Today’s choice? The Prayer Chain.
In 1991, Christian alternative music was seeing a resurgence. There were a growing number of bands starting to write music and have lyrics that were a challenge both to listener and the status quo. One of these bands was the Prayer Chain. The Prayer Chain debuted in 1991 with the Neverland Sessions (so named because of the recording studio they used). Their music was much like what was coming from the Seattle Music Scene. Rough and edgy, they were writing songs about human nature, spiritual struggles, romantic struggles and so on. The Song Some Love was especially challenging to the Church of the time, as it was addressing the Church’s treatment of the divorced, the gay and many others. It essentially asked if the Church was showing the love we claim to have. Their big two hits from the CD were Shine (not a cover of the Collective Soul). It was the cheeriest song in the collection, and not really indicative of their usual work. But it was an exciting song, that was almost a praise song, which translated to big business. The other big track was I Believe, which became sort of “the signature sound” for the band. It began softly, intoning the many things the songwriter doesn’t worry about (infant baptism, laying on of hands, wonders and signs), but then builds up to an aggressive chorus, declaring “I Believe in One God/And I believe in the Truth/ And I believe in one God above/and I believe in YOU.” It became a defining moment for the band.
These two tracks garnered the attention of Reunion Records (one of the largest Christian labels). Reunion signed them and took several songs from the independent CD and had them remixed. Word released the six song Whirlpool EP. Again, it featured Shine, I Believe, Some Love, Mercy, Follow Me and the gut wrenching Whirlpool. It’s a song about doubts and feeling a lack of spiritual connection. “Do you have to die again for me to understand/What You mean to me/And what I mean to You” agonizes the lead vocalist Tim Tabor. It’s passionate and hits one in the gut.
The success allowed the band to have a shot at another full length disc. In 1993, Reunion released Shawl, which had a message for listeners from the outset. Taber yells out “It looks like rain again/They all cry Shine again/Hide yourself, hide yourself/In this winter shawl/Crawl With Me/Fall with me/Promise me/Shine is dead!” while the band chants in the background. It’s an aggressive claim that the band is done with slogans and moving forward. They built on their previous sound, more guitars and a heavier bass. Overall, their sound was still very Pearl Jam and Stone Temple Pilots. But it was done so well, it was hard to care. The guitar work of Andrew Prickett swirls around the listener, complimenting Taber’s vocals. Eric Campuzano adds a slight hint of funk to his bass which are complimented by Wayne Everett on drums, making the listener want to move to the sound.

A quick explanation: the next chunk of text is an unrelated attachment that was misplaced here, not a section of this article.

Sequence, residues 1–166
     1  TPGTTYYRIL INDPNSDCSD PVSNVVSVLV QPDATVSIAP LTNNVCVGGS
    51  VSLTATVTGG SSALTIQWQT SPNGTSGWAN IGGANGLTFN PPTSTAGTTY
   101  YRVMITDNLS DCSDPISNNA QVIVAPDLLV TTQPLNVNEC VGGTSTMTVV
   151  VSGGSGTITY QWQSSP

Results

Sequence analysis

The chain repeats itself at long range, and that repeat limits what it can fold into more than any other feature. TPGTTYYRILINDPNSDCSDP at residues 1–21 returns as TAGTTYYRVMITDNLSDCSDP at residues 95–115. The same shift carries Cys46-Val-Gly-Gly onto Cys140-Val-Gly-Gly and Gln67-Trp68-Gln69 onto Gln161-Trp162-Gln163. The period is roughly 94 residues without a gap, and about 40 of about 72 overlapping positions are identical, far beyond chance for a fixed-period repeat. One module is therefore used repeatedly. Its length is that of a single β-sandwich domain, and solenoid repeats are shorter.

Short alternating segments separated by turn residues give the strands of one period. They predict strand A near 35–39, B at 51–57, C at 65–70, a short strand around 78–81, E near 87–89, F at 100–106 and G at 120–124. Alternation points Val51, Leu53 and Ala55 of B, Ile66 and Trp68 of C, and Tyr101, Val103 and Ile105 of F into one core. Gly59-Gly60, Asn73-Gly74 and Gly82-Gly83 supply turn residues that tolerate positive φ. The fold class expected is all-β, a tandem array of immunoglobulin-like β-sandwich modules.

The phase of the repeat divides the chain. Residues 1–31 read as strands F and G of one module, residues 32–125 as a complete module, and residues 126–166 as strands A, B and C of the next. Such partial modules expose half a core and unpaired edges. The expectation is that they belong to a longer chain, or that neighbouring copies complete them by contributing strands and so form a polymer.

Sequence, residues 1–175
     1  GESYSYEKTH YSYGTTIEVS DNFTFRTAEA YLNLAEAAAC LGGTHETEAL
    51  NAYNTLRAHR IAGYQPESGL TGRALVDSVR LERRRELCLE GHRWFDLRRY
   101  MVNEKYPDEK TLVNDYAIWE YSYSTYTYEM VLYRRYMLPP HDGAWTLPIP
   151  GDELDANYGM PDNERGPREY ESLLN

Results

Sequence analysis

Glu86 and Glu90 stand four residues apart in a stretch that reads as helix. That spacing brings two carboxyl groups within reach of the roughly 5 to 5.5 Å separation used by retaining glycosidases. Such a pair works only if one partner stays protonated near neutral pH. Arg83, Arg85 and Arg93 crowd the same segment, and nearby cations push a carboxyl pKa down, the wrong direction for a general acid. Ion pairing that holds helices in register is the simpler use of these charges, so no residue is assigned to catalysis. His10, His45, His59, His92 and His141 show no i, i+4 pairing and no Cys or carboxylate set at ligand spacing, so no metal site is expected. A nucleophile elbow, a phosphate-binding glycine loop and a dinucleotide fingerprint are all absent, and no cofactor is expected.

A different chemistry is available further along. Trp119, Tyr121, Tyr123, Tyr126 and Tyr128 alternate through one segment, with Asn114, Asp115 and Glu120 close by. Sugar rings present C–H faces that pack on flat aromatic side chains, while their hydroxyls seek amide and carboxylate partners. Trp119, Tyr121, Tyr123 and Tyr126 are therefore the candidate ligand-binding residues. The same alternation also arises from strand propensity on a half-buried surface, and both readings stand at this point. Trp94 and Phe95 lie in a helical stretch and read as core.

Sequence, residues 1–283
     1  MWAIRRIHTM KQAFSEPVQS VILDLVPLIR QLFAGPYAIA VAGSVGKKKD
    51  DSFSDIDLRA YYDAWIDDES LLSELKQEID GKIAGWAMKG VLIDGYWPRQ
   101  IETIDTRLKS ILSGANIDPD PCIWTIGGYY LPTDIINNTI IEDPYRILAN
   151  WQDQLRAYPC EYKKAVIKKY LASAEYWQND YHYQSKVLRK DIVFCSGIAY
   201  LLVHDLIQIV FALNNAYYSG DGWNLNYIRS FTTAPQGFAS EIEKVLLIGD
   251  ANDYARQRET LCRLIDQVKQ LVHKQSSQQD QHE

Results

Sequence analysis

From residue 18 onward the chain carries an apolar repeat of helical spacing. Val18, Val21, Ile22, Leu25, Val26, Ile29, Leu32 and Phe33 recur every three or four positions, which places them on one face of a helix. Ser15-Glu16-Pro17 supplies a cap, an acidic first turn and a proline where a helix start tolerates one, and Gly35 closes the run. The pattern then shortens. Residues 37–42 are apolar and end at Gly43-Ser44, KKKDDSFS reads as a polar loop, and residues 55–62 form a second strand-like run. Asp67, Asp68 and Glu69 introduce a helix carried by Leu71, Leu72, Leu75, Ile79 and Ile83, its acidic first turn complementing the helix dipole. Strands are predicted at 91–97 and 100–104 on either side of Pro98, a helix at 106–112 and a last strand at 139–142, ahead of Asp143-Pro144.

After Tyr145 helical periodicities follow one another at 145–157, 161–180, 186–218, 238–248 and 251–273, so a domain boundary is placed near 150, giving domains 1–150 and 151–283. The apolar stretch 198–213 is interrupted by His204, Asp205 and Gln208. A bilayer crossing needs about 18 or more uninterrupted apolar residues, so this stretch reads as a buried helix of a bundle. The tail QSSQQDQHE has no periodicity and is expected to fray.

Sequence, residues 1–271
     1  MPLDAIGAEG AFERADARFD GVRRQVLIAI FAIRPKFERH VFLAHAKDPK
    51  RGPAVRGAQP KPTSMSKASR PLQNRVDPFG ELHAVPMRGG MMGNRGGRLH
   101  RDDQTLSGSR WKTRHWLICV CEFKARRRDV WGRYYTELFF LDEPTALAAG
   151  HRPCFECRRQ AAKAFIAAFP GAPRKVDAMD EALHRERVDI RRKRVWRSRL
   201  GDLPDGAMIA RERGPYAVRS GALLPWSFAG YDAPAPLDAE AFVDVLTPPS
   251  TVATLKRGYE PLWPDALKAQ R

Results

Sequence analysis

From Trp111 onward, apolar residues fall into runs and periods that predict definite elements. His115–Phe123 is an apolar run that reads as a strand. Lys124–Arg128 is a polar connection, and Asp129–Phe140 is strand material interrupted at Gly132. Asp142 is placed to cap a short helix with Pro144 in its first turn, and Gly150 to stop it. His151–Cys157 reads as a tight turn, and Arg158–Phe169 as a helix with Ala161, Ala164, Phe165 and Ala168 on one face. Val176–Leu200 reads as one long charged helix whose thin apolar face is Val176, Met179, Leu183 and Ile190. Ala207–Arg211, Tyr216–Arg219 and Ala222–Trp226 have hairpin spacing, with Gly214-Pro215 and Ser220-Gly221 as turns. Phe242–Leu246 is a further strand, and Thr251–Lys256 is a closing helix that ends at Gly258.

In Fifty Eight, the band addresses the frustrations and lonlienss a fatherless childhood can bring, while Pure questions the intentions of a person in a dating relationship (“Gold digger, do you love her?”). There is a song that follows the blue print of I Believe to a near fault. Never Enough is saved by it’s lyrical honesty (“Down on my knees/forgive the thief next to me/The blood of the Healer/It’s never enough”). Overall, Shawl was an excellent CD, making many fans anxious for the follow up.
The fans had to wait two years before a follow-up came. We got Mercury in 1995, and it was a shock to the system. In a good way. The disc begins with a song that almost feels like all build-up…Humb has Psalm 136 as it’s lyrics, and it takes almost three minutes for things to kick in… the title is indicative of the song. Tim Tabor’s vocals almost seem distant… like he is lost in prayer, rather than singing a song. There is an eastern flavor to the music.
The disc has a unique vibe, unlike any of their previous work. Well, okay, not entirely true, we still have swirly guitars and lots of reverb. The lyrics are more poetic than previous works, helping up the artistic merits of the disc. The songs have no regard for radio friendliness, most of them clocking in at over six minutes.
After that, the band called it quits. All the members went on to do different, equally intriguing works (such as the Lassie Foundation). They released a few collections of rarities and b-sides (such as 1996’s Antarctica). And they have come back together for live performances on a few occasions. But it appears, Mercury was their true Swan Song. I declare the Prayer Chain a Christian band that did not suck.